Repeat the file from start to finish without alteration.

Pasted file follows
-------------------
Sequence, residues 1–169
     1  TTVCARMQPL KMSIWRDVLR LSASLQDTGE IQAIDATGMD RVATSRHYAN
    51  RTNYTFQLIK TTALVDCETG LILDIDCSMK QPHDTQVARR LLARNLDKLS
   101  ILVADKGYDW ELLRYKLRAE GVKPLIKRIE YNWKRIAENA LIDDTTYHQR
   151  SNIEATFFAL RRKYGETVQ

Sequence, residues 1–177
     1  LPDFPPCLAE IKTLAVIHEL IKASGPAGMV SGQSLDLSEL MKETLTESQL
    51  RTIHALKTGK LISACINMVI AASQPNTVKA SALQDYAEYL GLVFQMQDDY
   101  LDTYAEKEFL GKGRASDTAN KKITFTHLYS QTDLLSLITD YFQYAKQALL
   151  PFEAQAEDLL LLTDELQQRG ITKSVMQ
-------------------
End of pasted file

Sequence, residues 1–169
     1  TTVCARMQPL KMSIWRDVLR LSASLQDTGE IQAIDATGMD RVATSRHYAN
    51  RTNYTFQLIK TTALVDCETG LILDIDCSMK QPHDTQVARR LLARNLDKLS
   101  ILVADKGYDW ELLRYKLRAE GVKPLIKRIE YNWKRIAENA LIDDTTYHQR
   151  SNIEATFFAL RRKYGETVQ

Sequence, residues 1–177
     1  LPDFPPCLAE IKTLAVIHEL IKASGPAGMV SGQSLDLSEL MKETLTESQL
    51  RTIHALKTGK LISACINMVI AASQPNTVKA SALQDYAEYL GLVFQMQDDY
   101  LDTYAEKEFL GKGRASDTAN KKITFTHLYS QTDLLSLITD YFQYAKQALL
   151  PFEAQAEDLL LLTDELQQRG ITKSVMQ